( The Galaxy Z Flip’s “glass” isn’t any more scratch-resistant than plastic.
There comes a point in the life of every foldable smartphone when, after a wave of hype and highly controlled early looks, the phone actually hits the hands of the general public — and durability issues immediately pop up. We’ve seen it with the Galaxy Fold , which died in the hands of reviewers and was delayed for six months; the Huawei Mate X, which had its launch limited to China and breaks after a single drop; and the (Moto Razr) , which has a creaky hinge that jams easily and a display that delaminates . This weekend it was the Samsung Galaxy Z Flip’s turn to disappoint us. The initial shipments are going out, and we’re already seeing that Samsung’s much-hyped flexible glass cover isn’t much more durable than plastic.
JerryRigEverything regularly does destructive durability tests on phones, partly by attacking a device with a set of Mohs picks. These pointy metal tools that are calibrated to the Mohs scale of mineral hardness allow a user to determine the hardness of a surface by doing a scratch test. You start with the softest pick and work your way up the set until you find something that can scratch the surface you’re testing. A modern smartphone with Corning’s Gorilla Glass scratches at level 6 on the Moh hardness scale.
The Galaxy Z Flip features a first-of-its-kind flexible glass cover that Samsung calls “Ultra-Thin Glass.” Until now, foldables have had to suffer through life with plastic display covers, which scratch easily, don’t provide much protection, and just like a resistive touchscreen, feel bad to swipe around on, thanks to the squishy pliability of the display. With this new invention of flexible glass, the Z Flip promised a return to a hard, smooth, scratch-resistant display surface.
So how did the Z Flip fare against JerryRigEverything’s Mohs picks? It scratches at level 2, the same level as the plastic-covered Galaxy Fold and Moto Razr. You can actually leave marks on the surface with a fingernail! This is not what Samsung was promising.
The Verge a response to the video , reiterating that the display is actually “glass.” “Galaxy Z Flip features an Infinity Flex Display with Samsung’s Ultra Thin Glass (UTG) to deliver a sleek, premium look and offer an immersive viewing experience,” Samsung told the site. “Samsung’s first-of-its-kind UTG technology is different from other Galaxy flagship devices. While the display does bend, it should be handled with care. Also, Galaxy Z Flip has a protective layer on top of the UTG similar to Galaxy Fold .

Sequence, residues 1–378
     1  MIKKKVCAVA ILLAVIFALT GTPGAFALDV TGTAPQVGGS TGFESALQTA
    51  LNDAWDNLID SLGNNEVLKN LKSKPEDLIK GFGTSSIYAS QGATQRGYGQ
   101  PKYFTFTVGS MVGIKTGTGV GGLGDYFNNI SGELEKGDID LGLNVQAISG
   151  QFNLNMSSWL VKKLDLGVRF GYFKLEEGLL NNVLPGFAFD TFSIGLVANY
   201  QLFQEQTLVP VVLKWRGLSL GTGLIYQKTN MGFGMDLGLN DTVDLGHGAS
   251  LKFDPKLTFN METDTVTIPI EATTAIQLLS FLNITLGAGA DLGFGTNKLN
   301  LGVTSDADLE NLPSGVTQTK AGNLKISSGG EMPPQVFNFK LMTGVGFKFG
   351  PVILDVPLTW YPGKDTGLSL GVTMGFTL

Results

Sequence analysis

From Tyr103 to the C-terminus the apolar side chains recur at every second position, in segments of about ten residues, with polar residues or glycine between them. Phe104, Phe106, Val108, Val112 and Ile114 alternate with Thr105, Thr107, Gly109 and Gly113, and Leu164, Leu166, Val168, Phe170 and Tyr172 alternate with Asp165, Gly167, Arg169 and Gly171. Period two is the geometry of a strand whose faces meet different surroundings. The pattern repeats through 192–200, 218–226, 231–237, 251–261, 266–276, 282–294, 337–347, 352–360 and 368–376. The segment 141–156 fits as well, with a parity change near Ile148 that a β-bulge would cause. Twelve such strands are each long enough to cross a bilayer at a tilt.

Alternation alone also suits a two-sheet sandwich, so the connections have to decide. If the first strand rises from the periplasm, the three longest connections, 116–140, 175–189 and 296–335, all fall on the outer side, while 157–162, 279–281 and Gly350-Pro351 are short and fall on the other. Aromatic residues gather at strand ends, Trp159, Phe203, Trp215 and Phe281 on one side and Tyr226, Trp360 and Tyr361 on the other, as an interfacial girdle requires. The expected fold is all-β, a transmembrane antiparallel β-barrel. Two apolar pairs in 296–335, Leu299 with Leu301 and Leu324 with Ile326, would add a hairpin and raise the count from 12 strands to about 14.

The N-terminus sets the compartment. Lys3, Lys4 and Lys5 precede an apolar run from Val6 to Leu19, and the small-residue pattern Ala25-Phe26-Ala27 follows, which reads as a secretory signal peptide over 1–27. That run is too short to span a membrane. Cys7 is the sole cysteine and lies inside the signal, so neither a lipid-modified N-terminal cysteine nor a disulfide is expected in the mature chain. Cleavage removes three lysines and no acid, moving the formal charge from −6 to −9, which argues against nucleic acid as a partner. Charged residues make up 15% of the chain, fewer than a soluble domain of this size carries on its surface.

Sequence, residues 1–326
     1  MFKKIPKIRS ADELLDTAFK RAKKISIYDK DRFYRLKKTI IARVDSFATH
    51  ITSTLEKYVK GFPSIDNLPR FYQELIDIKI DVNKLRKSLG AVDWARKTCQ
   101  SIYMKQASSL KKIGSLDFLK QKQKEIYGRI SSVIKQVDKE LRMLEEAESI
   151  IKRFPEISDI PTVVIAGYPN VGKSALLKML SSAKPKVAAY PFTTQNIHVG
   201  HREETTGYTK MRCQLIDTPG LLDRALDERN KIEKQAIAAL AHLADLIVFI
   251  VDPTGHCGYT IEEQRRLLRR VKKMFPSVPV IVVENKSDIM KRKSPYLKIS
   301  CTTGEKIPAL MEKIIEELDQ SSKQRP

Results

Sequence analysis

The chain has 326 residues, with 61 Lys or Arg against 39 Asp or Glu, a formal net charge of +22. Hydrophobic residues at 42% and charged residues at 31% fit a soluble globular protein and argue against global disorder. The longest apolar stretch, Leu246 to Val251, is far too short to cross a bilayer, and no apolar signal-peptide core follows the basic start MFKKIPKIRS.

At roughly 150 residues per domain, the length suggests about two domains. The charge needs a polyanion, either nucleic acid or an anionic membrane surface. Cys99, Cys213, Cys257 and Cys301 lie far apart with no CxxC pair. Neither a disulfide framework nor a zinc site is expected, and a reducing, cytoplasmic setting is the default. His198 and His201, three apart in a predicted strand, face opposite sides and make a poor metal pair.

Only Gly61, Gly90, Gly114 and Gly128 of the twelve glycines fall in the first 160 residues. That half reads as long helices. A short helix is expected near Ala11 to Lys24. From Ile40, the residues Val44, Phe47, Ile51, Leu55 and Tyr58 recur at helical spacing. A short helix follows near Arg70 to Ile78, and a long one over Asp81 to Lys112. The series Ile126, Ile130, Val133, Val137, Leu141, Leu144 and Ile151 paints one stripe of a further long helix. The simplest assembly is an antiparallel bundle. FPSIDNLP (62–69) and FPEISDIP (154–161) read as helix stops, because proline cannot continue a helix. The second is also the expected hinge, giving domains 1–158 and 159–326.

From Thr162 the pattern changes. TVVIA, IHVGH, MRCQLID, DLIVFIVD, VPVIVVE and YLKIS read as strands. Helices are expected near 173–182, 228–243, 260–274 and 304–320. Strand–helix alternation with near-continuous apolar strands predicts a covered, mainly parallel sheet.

official Z Flip videos show this “protective layer” going on top of the glass display; presumably, it’s made of plastic. This layer is not removable, though, so any scratches to the top plastic layer are still scratches the user has to deal with forever. What’s more worrying is that JerryRigEverything’s video shows that the underlying “glass” layer doesn’t provide protection from punctures, either. The Mohs picks were able to easily puncture both layers of the display cover and damage the underlying pixels, which wouldn’t happen with a normal glass cover.
Received my Samsung Galaxy Z Flip just now. Opened the box. Removed the protective / instruction film. Flipped the phone as you would do since it’s a flip phone and this happened. I heard the crack as well. 😰 cold weather?
# ZFlip (# samsung
– Amir 💎 (@mondoir) (February) ,
Even though the phone failed the scratch test, that’s not to say the display doesn’t share any properties with glass. One Twitter user cracked their Galaxy Z Flip on the first fold, possibly due to cold weather. So we know it can shatter, at least.
Samsung has not officially said who makes the “Ultra Thin Glass” it uses as a cover for the Z Flip, but reports from Korean media says the supplier is Dowoo Insys, a company that Samsung recently became the (largest shareholder of. We’re still waiting for the industry leader in smartphone display covers, Corning, to release its own version of flexible glass, which the company
says it is working on . Read More
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